Important Changes – Disqus Ads Are No Longer Free to Disable
By Brian Jackson, Updated: February 14, 2017
As of March 2017, Disqus is now going to be charging a monthly fee to remove advertisements from your WordPress comments. This is something that has always been free to disable in this past and is a pretty big change that will affect thousands of businesses and bloggers that rely on Disqus to power their comments. Today we are going to dive into what all this entails, some pros and cons, and some recommendations if you do choose to seek out an alternative comment system. Its important to note that the Disqus ads also affect the performance (speed) of comments on your WordPress site.
What is Disqus?
For those of you who might not be familiar with Disqus, it is a service designed to improve web comments and discussions. It was originally developed by Daniel Ha and Jason Yan and launched in 2007. It has actually been around for over a decade now. So when it comes to working with the WordPress comment ecosystem, they are no newcomers.
Many WordPress businesses and blogs use the Disqus WordPress plugin because it extends the feature set of the WordPress native comments. Features such as powerful moderation and admin tools, spam filtering, blacklisting, email notifications, and well designed threaded comments are just a few reasons why it has become popular over the years.
According to the WordPress repository it is currently active on over 200,000 sites. And the plugin itself is pretty actively maintained, even though it only has a 3.2 out of 5 star rating. Here is just a few large companies and high-traffic sites that are currently using Disqus:
- Search Engine Roundtable
- The Atlantic
- Rolling Stone
- Droid Life
According to their company page, they currently handle 50 million monthly comments, 17 billion monthly page views, and are on sites in 191 different countries. BuiltWith also shows that a large majority of these sites are located in the United States.
Disqus Ads Crossroads – To Pay or Not to Pay
In January, Disqus made the official announcement on their blog that they will start charging if you want to remove ads, along with some other changes they have planned for 2017 and the future of their commenting system.
Yes! Disqus’ fully featured basic service will always remain free to use. Publishers can install Disqus on their sites anytime, for free, using a plugin or universal code. The basic version of Disqus is supported by advertising. Ads are powered by Disqus’ Reveal system, which is highly configurable and allows publishers to choose from multiple different ad positions.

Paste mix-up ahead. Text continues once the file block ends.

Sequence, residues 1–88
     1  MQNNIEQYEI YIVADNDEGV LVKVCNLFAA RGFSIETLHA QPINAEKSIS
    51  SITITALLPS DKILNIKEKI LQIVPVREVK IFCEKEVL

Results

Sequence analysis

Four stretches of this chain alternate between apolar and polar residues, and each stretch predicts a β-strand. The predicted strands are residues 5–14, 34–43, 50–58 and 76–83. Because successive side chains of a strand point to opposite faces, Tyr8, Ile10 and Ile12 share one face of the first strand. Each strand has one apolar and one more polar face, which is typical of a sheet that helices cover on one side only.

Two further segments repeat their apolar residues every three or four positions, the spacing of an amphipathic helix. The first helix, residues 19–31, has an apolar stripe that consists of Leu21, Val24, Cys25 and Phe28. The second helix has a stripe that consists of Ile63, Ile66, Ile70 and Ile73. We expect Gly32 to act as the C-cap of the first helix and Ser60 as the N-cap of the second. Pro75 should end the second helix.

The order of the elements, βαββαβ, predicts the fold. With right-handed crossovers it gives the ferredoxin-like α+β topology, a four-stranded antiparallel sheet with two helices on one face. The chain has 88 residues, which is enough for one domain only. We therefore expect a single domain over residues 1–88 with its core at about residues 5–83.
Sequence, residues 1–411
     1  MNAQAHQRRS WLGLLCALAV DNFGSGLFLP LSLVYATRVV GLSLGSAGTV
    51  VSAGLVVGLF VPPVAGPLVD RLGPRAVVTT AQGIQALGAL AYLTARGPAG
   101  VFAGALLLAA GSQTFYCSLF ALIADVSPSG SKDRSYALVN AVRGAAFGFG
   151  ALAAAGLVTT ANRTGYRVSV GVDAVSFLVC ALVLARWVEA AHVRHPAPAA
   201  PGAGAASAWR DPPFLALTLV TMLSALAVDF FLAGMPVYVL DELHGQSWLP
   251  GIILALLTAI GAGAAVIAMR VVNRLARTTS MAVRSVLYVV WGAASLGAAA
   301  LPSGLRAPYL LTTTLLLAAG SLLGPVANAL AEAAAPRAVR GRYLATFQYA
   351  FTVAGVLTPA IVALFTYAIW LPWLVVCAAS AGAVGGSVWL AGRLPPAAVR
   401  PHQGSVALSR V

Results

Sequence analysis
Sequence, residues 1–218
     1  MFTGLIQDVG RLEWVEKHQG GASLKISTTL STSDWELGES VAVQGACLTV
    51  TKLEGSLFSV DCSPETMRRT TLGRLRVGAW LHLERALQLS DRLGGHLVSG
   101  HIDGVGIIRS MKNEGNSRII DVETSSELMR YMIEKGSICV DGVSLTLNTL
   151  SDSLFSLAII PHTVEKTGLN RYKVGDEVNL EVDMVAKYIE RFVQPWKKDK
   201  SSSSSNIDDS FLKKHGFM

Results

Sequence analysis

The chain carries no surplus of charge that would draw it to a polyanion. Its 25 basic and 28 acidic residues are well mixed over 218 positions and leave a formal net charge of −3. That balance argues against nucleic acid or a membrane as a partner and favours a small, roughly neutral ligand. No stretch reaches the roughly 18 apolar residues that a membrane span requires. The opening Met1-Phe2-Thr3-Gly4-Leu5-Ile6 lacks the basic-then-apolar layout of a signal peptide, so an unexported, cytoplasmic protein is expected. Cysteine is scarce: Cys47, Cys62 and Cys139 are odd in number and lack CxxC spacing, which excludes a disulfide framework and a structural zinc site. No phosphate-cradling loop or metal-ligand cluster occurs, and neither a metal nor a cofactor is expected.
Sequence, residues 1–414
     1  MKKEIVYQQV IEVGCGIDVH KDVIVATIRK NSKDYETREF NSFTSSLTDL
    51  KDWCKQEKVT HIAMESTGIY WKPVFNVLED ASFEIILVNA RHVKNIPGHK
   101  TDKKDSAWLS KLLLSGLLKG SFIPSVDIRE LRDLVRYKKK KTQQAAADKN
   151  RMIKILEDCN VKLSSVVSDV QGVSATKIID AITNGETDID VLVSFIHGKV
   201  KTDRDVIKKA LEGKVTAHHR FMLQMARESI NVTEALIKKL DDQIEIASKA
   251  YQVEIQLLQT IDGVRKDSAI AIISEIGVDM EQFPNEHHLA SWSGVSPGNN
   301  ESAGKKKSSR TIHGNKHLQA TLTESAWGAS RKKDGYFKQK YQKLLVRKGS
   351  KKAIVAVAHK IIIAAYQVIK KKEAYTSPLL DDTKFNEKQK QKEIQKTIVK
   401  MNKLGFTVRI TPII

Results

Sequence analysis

We know that ads may not be a good fit for all publishers and all sites. For these publishers, we will provide a simple option to remove ads altogether. For an inexpensive monthly fee publishers will be able to completely remove ads and take advantage of all of Disqus’ basic features and functionality. We will release finalized pricing for this offering soon. — Disqus
According to some recent updates and communications, it appears it is going to cost you $10/month to remove Disqus ads. These changes are expected to be fully rolled out by March 2017. For larger sites and companies this might not be that big of a deal. But for smaller and medium sized sites, this might make you question whether you really want to keep Disqus or not. At first it does seem kind of silly to pay to remove ads on a system that has been free for the past decade.
Disqus does allow publishers to manage multiple sites under a single organization. So for publishers considering a monthly subscription, the subscription will be at an organization level, not a site level. This means you wouldn’t have to pay per $10/month per site. It is important to note that Disqus employees have also mentioned that the ads will most likely be to promote new Disqus features. This is actually a big difference between suddenly seeing spammy click-bait articles now showing up in your comments. So don’t confuse this with their current Reveal system.
Update: We have been in direct communication with Mario, the Product Marketing Manager at Disqus. Since writing this post, they have issued an update that advertising will remain optional for a large majority of users.